Articles



Finding Your Jerk Drive Stance
Greg Everett

The starting position of the jerk concerns two primary elements: the stance of the feet and the rack position. Each can have dramatic effects on the lift, and each will vary somewhat among lifters based on individual peculiarities. Additional but more minor elements will also contribute to the success or failure of the lift.
 
The starting point for the position of the feet places the heels at hip-width or slightly wider to orient the legs approximately vertically and the toes turned out approximately 10-20 degrees relative to the centerline.


10-20 degree range of foot angle for the jerk drive stance
 
A vertical leg orientation in theory allows maximal force to be applied to the elevation of the bar, as the force generated by the leg extension will be directed straight down against the ground and straight back up against the barbell with none lost to horizontal displacement. Additionally, a vertical leg orientation will create the highest possible elevation of the barbell when the body is in an extended position simply by virtue of the lifter’s height.
 
However, other factors must be taken into consideration: primarily, the ability to brake in the bottom of the dip abruptly and powerfully. This is actually more important than the benefits of a perfectly vertical leg orientation, as this dictates the lifter’s ability to generate the maximal elasticity, both of the barbell and the body, to create the most upward acceleration on the barbell in the drive of the jerk. The maximal height in the extended position and perfectly direct force application will not overcome an inability in that stance to execute a quick dip and an abrupt stop and change of direction.
 
Ultimately, just as is the case with the pulling stance of the snatch and clean, the drive stance of the jerk needs to be adjusted to best suit each athlete’s build, strengths and weaknesses, which will require some experimentation. Generally speaking, athletes with weaker and/or longer legs will find a wider stance more effective.
 
You can experiment with different stance widths and degree of toe-out (always remembering that the knees should move in line with the feet as you dip) with jerks themselves to find what feels best, but also with things like jerk dip squats, jerk dips and jerk drives to feel what’s strongest for you in the bottom position with heavy weights.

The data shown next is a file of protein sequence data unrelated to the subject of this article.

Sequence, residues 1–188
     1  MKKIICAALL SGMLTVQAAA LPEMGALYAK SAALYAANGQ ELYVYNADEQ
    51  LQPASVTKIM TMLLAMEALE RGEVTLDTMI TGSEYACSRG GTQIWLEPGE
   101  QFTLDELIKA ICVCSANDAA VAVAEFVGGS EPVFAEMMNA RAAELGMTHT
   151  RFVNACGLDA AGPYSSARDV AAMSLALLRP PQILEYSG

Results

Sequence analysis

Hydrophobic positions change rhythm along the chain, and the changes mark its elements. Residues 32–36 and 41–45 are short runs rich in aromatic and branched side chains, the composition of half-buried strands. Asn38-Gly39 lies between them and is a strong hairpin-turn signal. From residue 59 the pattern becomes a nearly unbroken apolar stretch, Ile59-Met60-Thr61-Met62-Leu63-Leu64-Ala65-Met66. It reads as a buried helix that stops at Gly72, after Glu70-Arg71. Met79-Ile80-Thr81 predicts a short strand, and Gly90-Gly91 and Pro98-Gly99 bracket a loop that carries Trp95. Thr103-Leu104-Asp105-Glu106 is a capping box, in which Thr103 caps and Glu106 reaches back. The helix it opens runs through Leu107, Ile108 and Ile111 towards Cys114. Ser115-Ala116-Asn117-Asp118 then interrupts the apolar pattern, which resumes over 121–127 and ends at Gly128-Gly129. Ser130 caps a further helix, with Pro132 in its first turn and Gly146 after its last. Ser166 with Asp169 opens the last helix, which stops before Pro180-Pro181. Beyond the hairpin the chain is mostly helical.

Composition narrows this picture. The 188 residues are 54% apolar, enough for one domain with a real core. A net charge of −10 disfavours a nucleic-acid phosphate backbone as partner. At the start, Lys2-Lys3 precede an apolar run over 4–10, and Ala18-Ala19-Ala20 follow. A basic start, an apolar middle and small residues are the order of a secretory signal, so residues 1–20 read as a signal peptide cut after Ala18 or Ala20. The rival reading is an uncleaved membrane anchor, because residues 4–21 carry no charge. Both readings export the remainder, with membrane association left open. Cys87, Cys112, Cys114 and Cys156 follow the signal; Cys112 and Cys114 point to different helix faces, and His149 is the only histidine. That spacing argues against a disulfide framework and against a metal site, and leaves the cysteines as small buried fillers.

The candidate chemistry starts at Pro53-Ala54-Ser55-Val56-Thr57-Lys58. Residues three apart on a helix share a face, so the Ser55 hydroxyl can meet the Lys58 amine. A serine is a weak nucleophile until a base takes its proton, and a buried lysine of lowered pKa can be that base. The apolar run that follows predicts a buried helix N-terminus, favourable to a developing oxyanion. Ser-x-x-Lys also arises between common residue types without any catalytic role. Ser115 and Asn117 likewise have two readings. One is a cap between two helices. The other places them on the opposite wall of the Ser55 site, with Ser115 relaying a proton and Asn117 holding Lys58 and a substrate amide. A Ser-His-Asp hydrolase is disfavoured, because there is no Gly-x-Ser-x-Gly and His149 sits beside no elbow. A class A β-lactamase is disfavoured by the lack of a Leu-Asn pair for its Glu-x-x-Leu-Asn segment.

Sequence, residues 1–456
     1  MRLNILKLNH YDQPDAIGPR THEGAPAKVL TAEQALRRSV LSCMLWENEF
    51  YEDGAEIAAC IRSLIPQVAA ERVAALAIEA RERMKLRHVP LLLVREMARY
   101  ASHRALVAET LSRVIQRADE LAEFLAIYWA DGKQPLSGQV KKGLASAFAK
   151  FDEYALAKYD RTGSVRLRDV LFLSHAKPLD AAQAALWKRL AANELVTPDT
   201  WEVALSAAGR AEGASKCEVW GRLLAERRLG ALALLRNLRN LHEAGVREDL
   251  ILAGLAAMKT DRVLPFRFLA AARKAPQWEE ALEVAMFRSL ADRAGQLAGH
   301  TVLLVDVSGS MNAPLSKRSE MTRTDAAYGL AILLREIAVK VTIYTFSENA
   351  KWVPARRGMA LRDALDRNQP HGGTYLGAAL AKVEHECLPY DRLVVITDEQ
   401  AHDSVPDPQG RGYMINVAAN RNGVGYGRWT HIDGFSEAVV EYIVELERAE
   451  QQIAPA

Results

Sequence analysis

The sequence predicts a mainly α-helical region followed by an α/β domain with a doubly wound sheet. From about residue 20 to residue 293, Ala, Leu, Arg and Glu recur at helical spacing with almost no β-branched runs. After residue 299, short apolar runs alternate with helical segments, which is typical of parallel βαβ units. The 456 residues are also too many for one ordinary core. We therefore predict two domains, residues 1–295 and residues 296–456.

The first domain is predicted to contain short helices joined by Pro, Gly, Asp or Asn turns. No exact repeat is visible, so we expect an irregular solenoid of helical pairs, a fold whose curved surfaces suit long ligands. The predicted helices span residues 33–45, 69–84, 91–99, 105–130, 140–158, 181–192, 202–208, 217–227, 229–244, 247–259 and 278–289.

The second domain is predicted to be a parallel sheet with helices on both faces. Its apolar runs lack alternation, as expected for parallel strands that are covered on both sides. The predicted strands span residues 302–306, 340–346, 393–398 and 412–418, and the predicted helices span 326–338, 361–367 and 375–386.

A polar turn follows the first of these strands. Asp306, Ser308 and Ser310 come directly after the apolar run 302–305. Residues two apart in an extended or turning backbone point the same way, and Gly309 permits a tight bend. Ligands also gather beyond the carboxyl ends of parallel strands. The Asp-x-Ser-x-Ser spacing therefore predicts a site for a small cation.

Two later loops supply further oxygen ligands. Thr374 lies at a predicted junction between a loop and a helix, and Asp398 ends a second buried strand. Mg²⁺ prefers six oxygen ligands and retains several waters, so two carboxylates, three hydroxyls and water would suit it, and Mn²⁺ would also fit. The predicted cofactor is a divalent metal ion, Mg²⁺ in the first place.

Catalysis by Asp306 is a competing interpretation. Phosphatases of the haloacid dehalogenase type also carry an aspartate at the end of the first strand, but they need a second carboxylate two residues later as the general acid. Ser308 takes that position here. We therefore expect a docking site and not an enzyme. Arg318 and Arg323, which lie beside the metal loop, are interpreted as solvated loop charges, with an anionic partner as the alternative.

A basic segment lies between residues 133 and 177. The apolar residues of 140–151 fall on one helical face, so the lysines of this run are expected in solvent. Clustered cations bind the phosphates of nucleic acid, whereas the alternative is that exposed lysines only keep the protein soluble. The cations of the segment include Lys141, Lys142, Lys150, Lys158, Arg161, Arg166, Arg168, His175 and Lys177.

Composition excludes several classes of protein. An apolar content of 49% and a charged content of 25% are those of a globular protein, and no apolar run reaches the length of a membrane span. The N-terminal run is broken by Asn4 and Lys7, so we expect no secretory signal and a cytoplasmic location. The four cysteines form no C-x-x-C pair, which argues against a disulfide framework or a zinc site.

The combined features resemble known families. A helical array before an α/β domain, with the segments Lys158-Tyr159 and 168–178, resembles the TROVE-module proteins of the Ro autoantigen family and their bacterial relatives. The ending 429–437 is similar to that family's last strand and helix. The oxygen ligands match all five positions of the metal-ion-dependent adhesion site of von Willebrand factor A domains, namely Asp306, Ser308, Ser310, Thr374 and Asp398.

Read a lot more about the jerk in Olympic Weightlifting: A Complete Guide for Athletes & Coaches by Greg Everett

Free Snatch Learning Manual

When you subscribe to our newsletter for exclusive training tips from Greg Everett & more.




Greg Everett is the owner of Catalyst Athletics, coach of the USA Weightlifting National Champion team Catalyst Athletics, author of the books Olympic Weightlifting: A Complete Guide for Athletes & Coaches and Olympic Weightlifting for Sports, director/writer/producer/editor/everything of the documentary American Weightlifting, co-host of the Weightlifting Life Podcast, and publisher of The Performance Menu journal. He is an Olympic Trials coach, coach of over 30 senior national level or higher lifters, including national medalists, national champion and national record holder; as an athlete, he is a fifth-place finisher at the USAW National Championships, masters national champion, masters American Open champion, and masters American record holder in the clean & jerk. Follow him on Instagram, Facebook and YouTube, and sign up for his free newsletter here.

Read more by Greg Everett


2 Comments
Austin 2016-05-16
So to sum up the vertical leg orientation quandary, if I'm able to reverse more powerfully out of the bottom of my jerk dip when I initiate it with a slightly bent leg at the top versus a completely straight one, this is fine? Any idea why this might be the case? Thanks for another great article.
You want to initiate the dip with the knees unlocked and tension already on the quads - not bent, but not hyperextended. If you start from a passive knee lock, you'll freefall momentarily until your muscles take up the slack, which means the bar can lose connection with your shoulders, position can shift, and balance can shift (usually forward) - so you always create tension before you start. I wrote about this in this article.

Greg Everett
Free Snatch Manual
When you join our newsletter!






Garage Mind Mental Training Journal by Aimee Everett



Subscribe to the Performance Menu Magazine